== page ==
Photonics West healthy despite ailing economy

SAN JOSE, CA--Amidst our ailing worldwide economy and SPIE’s (Bellingham, WA) observation from many at Photonics West 2009 (held January 24–29) that “flat is the new up,” SPIE official attendance figures for the event came in at 17,903 this year compared to 17,440 in 2008.

SAN JOSE, CA--Amidst our ailing worldwide economy and SPIE’s (Bellingham, WA) observation from many at Photonics West 2009 (held January 24–29) that “flat is the new up,” SPIE official attendance figures for the event came in at 17,903 this year compared to 17,440 in 2008. Surprising considering the SPIE acknowledgment that companies did send fewer staff to man the exhibitor booths than in previous years, and considering that the 2009 Lasers & Photonics Marketplace Seminar (www.marketplaceseminar.com)--PennWell’s annual review of the laser markets--forecast an 11.3% drop overall in laser industry sales for 2009.

Corporate earnings for many photonics companies in the fourth quarter of 2008 have indeed showed signs of weakness, and the news is filled daily with reports of revenue and job losses in nearly all industrial and retail sectors. But many attendees at Photonics West seemed to ignore the obvious and instead, focused on the “bright spots” in the industry, including many “niche” opportunities in biomedical optics and solar-cell processing, as well as defense and security applications and the research and development markets.

In the “Executive Perspectives on the World of Optics and Photonics” executive panel held on Wednesday afternoon, CEOs and upper-level management from Hamamatsu, Trumpf, Edmund Optics, Newport, CVI Melles Griot, Coherent, and Bookham collectively said that today’s economy would no doubt bring about its share of consolidation (mergers more than acquisitions)--something that is badly needed in the telecom industry, but may also prove necessary for other ‘commodity’ photonics businesses. Bookham executive VP Ken Ibbs even said that now is an excellent time to start a new business provided you have funding, as resources are cheap and readily available. And because funding is not easy to obtain through venture-capital means or investors, Ibbs admits that customer-based funding will need to increase but only if a company offers a technology or product that a customer must have.

Edmund Optics’ CEO Robert Edmund pointed out that Warren Buffett has called this economic disaster the beginning of a new era of innovation, and nearly everyone on the panel agreed: Edmund sees technology leading us out of the current situation; senior director of strategic marketing for Newport, Randy Heyler, predicts the development of new corporate strategies such as working more closely with universities and academic institutions for new product ideas; CVI Melles Griot president and CEO Stuart Schoenmann noted that our aging population will continue to drive innovations in biomedical applications; Ibbs said that anything in photonics outside of the semiconductor industry is a bright spot and that necessity is the mother of invention; and Hamamatsu VP Ken Kaufmann feels that the new administration understands the long-term value of science--although this has yet to be proven.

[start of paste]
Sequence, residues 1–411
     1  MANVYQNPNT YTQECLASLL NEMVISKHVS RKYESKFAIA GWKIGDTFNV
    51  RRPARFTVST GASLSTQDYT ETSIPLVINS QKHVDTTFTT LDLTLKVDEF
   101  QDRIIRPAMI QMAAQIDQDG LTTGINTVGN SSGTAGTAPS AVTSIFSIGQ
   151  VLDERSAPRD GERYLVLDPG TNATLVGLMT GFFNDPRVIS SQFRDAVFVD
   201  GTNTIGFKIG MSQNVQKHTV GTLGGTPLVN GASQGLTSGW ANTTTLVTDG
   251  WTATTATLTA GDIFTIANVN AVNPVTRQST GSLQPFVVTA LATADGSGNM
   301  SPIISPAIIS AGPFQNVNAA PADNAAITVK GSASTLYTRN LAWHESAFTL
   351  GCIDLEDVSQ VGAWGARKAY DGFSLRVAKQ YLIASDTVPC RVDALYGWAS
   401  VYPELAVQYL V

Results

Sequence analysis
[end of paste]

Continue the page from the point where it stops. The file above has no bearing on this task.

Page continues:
Marketplace Seminar highlights upside

Even though Laser Focus World chief editor Steve Anderson said that the question is not how bad 2009 will be, but whether the laser industry will recover in 2010 in his opening address to attendees of the 2009 Lasers & Photonics Marketplace Seminar (held Monday, January 26 at San Jose’s Fairmont hotel), many attendees felt that the news was “not as bad as they were expecting.”

The Seminar officially forecast an 11.3% drop in laser industry revenues in 2009 to a level of $6.32 billion dollars (see www.laserfocusworld.com/articles/349353). And unfortunately, the assessment of the industrial laser markets from David Belforte, chief editor of Industrial Laser Solutions, were quantitatively even more dire now than in the official forecast presented at the seminar. Since early December 2008 (a month or so after the official forecast numbers were tallied), Belforte said that the industrial laser sector has been hit hard, prompting him to add “slivers of light” news stories on the ILS website to highlight successes in the industrial laser markets (see for example the Jan. 30 news posting at www.industrial-lasers.com entitled “Sliver of Light V: Illinois manufacturer invests in laser cutting technology”).

But the overwhelming sentiment of most of the presentations in the seminar was that when recovery occurs, the laser industry should experience continued growth, since no other technologies stand to displace the inroads that lasers have made in biomedical, defense, materials and microelectronics processing, entertainment and displays, and research and instrumentation markets. In fact, the Technology Forum on Green Photonics, chaired by Michael Lebby, president and CEO of the Optoelectronics Industry Development Association (OIDA), pointed out that photonics is uniquely poised to deliver “green” solutions to address the potential 50% increase in the global demand for electricity by the year 2025. And these green solutions go beyond the obvious photovoltaic technologies and solid-state lighting advances into the use of light detection and ranging (LIDAR) for wind-turbine optimization to Bragg grating optical sensors for improved downhole oil extraction.